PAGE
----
I haven't been blogging here as much as I'd like. I don't know where the time goes. Well, maybe I do. Fibromyalgia has changed my life and I'm still trying to get a handle on fibro.
When we last left this saga, I had enrolled in a drug study, leaving my body to science while I'm still in it. The study is a double-blind to discover the doseage of Cymbalta for fibromyalgia patients. It's a drug that's used for several different ailments, hence the need to determine the right dose for each. I would assume other studies are underway to determine the doseage for the other illnesses. But, then, you know what they say about the word "assume."
I was in the 6 month study for about 6 weeks, toughing it out as long as I could. It became clear to me after about 3 weeks that I was getting the placebo. There's a two out of three chance of getting the medication but I was convinced that I was in the other third, the third not receiving the med. Yes, there's the chance that I was but it just didn't work for me but it should have done something. It didn't. I felt progressively worse. Day after day there not only was no improvement but I seemed to be slipping backward.
Friends began to notice that I was different. Worse: so did colleagues. I thought I was doing a good job of hiding it. I don't like to bother people with my problems. After all, they're mine. And most people really don't want to hear it anyway. Their attitude toward everything from illness to grief is "get over it!" They don't want to deal with it and they don't want to deal with you if you have a problem, especially one that doesn't have an instant "cure."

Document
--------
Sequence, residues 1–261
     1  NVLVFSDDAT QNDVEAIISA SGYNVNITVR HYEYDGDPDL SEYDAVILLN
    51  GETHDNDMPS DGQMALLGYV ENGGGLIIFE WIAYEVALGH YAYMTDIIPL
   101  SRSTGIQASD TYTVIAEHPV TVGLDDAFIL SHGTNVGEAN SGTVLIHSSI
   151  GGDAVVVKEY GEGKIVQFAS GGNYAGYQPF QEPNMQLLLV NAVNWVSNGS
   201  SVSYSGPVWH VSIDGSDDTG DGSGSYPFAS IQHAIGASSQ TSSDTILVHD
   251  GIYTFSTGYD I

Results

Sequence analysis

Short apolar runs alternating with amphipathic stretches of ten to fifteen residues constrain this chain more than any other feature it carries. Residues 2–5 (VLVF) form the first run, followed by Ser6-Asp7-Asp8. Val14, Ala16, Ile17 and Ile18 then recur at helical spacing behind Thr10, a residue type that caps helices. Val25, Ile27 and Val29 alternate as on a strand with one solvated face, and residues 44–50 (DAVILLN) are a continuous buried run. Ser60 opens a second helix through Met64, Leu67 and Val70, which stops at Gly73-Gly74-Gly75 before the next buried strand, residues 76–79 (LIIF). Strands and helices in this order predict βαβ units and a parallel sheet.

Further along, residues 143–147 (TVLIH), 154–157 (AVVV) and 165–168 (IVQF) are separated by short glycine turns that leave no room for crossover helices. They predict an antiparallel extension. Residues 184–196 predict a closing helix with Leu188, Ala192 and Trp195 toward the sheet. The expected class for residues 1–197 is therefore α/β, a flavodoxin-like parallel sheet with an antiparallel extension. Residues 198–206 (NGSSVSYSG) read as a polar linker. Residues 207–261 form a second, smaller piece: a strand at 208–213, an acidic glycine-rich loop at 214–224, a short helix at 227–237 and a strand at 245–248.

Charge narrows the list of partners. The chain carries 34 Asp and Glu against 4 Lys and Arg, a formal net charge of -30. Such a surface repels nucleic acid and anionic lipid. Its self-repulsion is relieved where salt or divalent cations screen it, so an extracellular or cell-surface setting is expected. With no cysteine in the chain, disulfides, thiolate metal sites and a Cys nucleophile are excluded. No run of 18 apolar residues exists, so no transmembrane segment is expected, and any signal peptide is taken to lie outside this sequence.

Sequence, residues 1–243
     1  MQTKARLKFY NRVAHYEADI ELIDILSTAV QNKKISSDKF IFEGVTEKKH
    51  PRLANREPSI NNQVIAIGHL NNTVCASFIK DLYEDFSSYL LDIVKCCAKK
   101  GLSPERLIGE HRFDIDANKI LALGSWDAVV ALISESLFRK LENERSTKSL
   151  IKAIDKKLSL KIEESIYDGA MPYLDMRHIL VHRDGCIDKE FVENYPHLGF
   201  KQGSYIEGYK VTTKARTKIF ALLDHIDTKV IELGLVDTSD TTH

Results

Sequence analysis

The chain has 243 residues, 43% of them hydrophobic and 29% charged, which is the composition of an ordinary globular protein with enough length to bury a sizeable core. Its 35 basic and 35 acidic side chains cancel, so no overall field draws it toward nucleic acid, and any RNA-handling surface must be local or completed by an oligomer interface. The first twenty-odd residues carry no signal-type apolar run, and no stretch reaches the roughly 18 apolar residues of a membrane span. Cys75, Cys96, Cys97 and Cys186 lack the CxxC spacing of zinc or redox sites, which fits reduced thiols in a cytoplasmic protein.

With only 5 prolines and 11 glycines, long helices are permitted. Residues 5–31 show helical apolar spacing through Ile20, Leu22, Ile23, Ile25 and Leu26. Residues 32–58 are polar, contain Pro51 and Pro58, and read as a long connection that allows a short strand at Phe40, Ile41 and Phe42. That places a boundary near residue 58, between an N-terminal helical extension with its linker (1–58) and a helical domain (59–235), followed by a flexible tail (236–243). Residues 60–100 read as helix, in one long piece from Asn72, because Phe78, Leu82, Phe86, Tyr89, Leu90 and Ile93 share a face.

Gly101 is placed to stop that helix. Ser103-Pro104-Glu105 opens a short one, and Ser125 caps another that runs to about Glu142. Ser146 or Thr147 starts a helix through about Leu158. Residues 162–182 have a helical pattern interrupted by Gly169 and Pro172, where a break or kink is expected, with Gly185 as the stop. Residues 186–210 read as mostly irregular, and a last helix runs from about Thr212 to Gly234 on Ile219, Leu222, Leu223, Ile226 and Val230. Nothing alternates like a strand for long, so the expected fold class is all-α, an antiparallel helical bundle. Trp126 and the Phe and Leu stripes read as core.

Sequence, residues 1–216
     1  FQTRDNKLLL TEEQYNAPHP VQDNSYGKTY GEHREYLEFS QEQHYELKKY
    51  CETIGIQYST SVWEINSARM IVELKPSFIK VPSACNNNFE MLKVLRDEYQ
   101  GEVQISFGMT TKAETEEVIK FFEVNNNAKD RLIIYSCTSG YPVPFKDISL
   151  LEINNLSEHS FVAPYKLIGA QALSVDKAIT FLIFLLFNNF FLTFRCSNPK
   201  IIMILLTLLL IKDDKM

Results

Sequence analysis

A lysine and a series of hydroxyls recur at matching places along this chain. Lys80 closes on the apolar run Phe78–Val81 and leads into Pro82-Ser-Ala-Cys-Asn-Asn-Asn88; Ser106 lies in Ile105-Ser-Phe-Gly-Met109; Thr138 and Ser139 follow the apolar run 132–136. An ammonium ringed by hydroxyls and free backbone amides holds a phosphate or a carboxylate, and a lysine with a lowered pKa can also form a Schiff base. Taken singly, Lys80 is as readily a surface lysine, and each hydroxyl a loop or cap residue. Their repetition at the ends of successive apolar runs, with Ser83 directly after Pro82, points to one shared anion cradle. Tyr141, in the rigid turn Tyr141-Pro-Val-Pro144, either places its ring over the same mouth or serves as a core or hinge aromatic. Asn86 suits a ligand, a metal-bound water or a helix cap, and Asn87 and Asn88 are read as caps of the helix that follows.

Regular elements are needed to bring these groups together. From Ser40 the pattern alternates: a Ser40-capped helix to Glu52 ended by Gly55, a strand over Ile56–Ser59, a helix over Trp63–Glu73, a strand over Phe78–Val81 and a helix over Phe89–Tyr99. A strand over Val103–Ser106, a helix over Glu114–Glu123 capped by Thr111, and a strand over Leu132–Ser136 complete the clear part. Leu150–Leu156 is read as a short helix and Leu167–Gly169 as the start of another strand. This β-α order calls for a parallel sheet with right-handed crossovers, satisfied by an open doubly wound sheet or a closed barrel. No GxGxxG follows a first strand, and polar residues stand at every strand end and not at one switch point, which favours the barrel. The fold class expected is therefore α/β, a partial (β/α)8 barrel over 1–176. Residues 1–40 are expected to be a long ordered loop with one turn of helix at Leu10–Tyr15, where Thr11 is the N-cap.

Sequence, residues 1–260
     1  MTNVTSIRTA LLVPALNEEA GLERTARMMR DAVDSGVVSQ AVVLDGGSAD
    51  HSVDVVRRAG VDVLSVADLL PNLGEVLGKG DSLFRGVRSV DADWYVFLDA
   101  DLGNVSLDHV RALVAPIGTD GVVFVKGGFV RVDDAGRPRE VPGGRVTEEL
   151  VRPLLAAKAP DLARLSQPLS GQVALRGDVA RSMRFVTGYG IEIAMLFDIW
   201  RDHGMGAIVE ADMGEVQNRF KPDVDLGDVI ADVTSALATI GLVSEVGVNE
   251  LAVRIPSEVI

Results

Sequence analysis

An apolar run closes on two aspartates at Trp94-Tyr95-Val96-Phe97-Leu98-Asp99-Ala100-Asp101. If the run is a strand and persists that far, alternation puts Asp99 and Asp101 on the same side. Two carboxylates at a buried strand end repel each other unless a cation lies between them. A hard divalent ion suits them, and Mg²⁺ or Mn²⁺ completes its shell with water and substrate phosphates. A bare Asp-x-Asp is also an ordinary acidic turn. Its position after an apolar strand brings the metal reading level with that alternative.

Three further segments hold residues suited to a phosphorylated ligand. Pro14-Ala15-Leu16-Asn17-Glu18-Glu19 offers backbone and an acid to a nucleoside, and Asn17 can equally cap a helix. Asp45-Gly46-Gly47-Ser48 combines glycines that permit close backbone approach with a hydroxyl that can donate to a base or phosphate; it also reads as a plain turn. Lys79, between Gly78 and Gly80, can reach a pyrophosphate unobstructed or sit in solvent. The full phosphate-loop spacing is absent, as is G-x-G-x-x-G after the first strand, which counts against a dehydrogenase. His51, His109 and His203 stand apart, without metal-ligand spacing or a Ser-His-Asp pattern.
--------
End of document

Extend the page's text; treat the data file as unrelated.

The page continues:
An editor, upon hearing my voice on the phone, said, "Oh, my God, Darlene! What's wrong?!" I tried to pass it off as nothing but she would have none of it. A colleague said she noticed that I was gradually withdrawing. She wasn't the only one who noticed that. My best friend said that mutual friends had pointed that very thing out to her and wanted to know if I was okay. The answer, of course, was: no.
I've always been good at multi-tasking but I could barely handle one task. I was tired all the time. And stressed. And I cried easily. And, frankly, I wasn't happy with my own reactions. None of it felt right. And then there was the physical pain, exacerbated by the weather.
On Monday, I had my study appointment. I told them I was leaving. It was self-preservation. I needed real medication and I needed to start on it now since it takes about a month for any medication to really begin to work.
They understood and thanked me for my time in the study. I still had the study paperwork to fill out. And a bloodtest and a couple of other vital tests. I was started on two meds but not Cymbalta. Why? The doctor was perfectly willing to prescribe it but there's no generic for it and, frankly, I can't afford the drug that might best help. The dose is 1 pill for 10 days and then increase to 2 pills per day. One small bottle is $45. under my insurance plan. Nope, can't do it. I pay $710. per month for my PPO, and that's a Group plan. I had to join Small Business Service Bureau in Massachusetts in order to get that "bargain" group rate. It's hard enough to deal with that, let alone the added expense of the drug.
So, here I am, trying to find my way through fibromyalgia, left with the chore of finding the combo of meds and exercise that will work to help keep this in check.
Part of me feels like a failure, a quitter, but I know that I simply couldn't continue in the study. Six months is a short time but under the circumstances, it was forever.
Causes Darlene Arden Supports
The Marcia Polimer Abrams Fund for Canine Behavior Studies at the AKC Canine Health Foundation